Telephone and Switchboard Speed Test: 100 per cent. time ( ) minutes. Equipment and Personnel: 4 enlisted men; 4 telephones; 1 switchboard; 300 feet of wire in three lines leading to the switchboard, each line approximately 100 feet long. A message is handed the operator at position No. 1, directed to position No. 2, or to No. 3. The switchboard operator makes the connection. Time taken when the finished message is handed to the judge at the 269


destination. Deduct 1 for each error in the message, 1 for each one-quarter minute overtime.

To Lay the Piece for Range and Deflection: 100 per cent. time ( ) minutes. Equipment and Personnel: 1 gunner and one No. 1 cannoneer; 1 gun. Sights, bubble, etc., are thrown off approximately the same amount for each battery. The data should be such that it is not necessary to shift the trail. Deduct 1 for each mil off the aiming point; 1 for each mil off the announced deflection; 1 for each mil off the announced site; 1 for each 25 yards error in range; 10 for each bubble not exactly level; 1 for each 5 seconds overtime.

Action Rear: 100 per cent. time ( ) minutes. Equipment and Personnel: 1 complete section with its personnel. Deduct 1 for each item found wrong; 1 for each one-quarter minute overtime. The team will be at a walk when the command is given.

To Compute Deflection (with Large Offset): 100 per cent. time ( ) minutes. Equipment and Personnel: 1 enlisted man; 1 battery commander's telescope or aiming circle. Use the battery commander's telescope as the aiming point for the base piece. No obliquity. Deduct 1 for each mil off the target. Deduct 1 for each one-quarter minute overtime.

To Limber Front and Rear: 100 per cent. time ( ) minutes. Equipment and Personnel: 1 complete section with its personnel. Deduct 1 for each item found wrong; 1 for each one-quarter minute overtime.

Reciprocal Laying: 100 per cent. time ( ) minutes. Equipment and Personnel: 2 gun crews with chiefs of section; 2 guns. Determine the accuracy of the laying by checking with an aiming circle. Deduct 1 for each mil of error when compared with the aiming circle figure. (Lay No. 1; have No. 1 lay No. 2; have No. 2 measure the angle to the aiming circle).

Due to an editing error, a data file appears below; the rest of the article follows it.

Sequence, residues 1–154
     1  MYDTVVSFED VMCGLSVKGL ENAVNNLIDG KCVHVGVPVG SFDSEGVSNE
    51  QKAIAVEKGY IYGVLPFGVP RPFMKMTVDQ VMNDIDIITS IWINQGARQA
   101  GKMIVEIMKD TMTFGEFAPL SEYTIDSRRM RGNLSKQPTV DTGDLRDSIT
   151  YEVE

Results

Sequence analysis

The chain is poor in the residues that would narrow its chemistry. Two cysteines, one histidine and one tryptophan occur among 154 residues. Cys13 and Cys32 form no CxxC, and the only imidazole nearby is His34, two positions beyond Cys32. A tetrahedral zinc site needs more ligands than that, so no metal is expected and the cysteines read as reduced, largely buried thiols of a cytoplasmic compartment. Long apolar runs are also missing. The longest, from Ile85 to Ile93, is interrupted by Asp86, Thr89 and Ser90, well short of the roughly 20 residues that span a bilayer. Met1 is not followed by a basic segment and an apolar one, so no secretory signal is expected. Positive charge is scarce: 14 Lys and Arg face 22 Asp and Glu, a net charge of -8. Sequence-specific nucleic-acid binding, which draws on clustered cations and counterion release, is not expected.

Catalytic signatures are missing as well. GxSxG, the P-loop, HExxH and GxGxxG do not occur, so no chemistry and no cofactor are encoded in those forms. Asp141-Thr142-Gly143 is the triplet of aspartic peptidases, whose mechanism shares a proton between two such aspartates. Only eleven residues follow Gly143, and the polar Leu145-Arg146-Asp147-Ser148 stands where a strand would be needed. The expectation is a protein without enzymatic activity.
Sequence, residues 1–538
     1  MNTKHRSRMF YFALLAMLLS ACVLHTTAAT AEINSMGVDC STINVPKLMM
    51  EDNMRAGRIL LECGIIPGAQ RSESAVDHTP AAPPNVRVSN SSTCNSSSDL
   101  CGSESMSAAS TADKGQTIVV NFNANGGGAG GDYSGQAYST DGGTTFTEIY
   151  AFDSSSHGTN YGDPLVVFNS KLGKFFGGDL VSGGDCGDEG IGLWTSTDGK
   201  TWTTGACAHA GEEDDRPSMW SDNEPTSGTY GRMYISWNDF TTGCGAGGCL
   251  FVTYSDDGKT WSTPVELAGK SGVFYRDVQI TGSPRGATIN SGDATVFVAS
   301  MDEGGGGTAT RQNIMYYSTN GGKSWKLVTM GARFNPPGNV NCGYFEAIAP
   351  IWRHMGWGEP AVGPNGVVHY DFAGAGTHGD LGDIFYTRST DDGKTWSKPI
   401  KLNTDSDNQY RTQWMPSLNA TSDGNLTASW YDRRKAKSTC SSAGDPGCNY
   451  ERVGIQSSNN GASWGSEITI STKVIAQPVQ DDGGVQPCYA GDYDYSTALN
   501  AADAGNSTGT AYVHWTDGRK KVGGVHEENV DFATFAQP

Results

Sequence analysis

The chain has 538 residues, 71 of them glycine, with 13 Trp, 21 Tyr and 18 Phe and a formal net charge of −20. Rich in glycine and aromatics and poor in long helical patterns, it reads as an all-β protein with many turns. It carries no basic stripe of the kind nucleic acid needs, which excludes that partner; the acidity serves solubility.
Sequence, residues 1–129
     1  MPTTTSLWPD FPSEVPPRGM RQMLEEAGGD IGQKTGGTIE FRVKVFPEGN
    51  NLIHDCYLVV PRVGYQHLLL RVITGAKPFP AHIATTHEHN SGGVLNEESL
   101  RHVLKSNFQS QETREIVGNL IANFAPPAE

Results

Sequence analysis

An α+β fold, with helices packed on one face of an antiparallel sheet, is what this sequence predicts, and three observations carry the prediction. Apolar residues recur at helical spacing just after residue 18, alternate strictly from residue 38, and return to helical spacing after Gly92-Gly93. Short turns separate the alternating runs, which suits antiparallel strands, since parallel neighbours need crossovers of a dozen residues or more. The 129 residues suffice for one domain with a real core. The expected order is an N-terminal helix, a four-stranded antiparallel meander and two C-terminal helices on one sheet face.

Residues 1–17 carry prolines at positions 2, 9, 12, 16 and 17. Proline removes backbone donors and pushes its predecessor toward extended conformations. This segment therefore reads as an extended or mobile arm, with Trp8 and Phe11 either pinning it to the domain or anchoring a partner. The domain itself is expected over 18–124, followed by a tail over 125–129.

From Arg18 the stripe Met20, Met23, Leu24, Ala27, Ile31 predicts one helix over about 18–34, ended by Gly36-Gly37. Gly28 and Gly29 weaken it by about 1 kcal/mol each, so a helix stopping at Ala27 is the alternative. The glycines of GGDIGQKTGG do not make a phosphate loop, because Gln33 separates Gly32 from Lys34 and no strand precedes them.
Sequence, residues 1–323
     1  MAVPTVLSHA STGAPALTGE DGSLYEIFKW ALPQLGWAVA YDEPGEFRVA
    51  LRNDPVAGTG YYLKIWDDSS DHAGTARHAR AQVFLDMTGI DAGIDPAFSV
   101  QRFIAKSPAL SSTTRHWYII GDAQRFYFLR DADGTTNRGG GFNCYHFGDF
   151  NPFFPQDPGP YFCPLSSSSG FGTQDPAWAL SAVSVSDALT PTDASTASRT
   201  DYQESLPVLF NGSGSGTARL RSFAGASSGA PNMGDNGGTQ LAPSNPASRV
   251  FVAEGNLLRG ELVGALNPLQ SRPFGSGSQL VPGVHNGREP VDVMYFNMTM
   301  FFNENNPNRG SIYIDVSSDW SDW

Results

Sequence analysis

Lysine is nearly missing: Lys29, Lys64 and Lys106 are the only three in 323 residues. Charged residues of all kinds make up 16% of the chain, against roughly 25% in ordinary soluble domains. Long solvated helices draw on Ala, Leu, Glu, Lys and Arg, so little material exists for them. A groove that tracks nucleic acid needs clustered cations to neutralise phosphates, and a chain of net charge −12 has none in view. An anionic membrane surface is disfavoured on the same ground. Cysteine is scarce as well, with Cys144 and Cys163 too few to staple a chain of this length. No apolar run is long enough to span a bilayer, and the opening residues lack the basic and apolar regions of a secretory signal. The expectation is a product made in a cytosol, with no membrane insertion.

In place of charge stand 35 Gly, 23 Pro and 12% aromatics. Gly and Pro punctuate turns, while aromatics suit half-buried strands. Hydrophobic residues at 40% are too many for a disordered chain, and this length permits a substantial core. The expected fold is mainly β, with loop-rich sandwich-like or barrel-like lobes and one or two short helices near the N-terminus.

Visual Signalling (Wigwag or Blinker for One-half Mile): 100 per cent. time for the message ( ) minutes. Deduct 1 for each error in the message; 1 for each one-quarter minute overtime. 270


THE expense of service ammunition, the wear on the gun, and the necessity for extensive target ranges, prohibit the use of service ammunition in elementary training. All types of heavy ordnance use some form of sub-calibre to simulate, to a degree, service ammunition. The 75's, 2.95's and 3-inch, use a 30-calibre gun which is inserted into the bore of the piece at the breech. Its construction is such that the axis of the bore of the sub-calibre gun is coincident with the axis of the bore of the gun in which it is mounted. After the War Department had selected the present sub-calibre equipment and placed it in the hands of the field artillery organizations, it apparently gave the matter no further thought. No prescribed or suggested method for the use of this equipment in the training of troops can be found. This lack of a prescribed use for this equipment may be the cause for the quite general belief that the sub-calibre is of slight value in training. A perusal of the files of the FIELD ARTILLERY JOURNAL discloses the fact that the need for a workable method of training with the sub-calibre has been felt for some time. There are two types of sub-calibre guns issued to the Field Artillery. I have used only the design of gun the external appearance of which is similar to a round of service ammunition. The other design, due to its construction, is not adapted to use in drill of the gun-squad. This deficiency could be readily corrected by a battery mechanic. The question is asked: "Why bother with sub-calibre at all?" One of our missions in training is to bring our enlisted men to the highest possible degree of efficiency, not in their own duties alone, but in those of higher grades also. Any and every means that will assist in the accomplishment of this mission must be used. Training with the subcalibre, simulating service conditions, is one means. The National Guard, the Field Artillery Units of the R.O.T.C. and some organizations of the Regular Army see but little service practice. In these organizations efficient gun-squads are "made" by drill in the gun-park or its equivalent. This type of training is absolutely necessary and can never be dispensed with, but after a time should be broadened to more nearly simulate the use of service ammunition. Sub-calibre is devised to meet this need. 271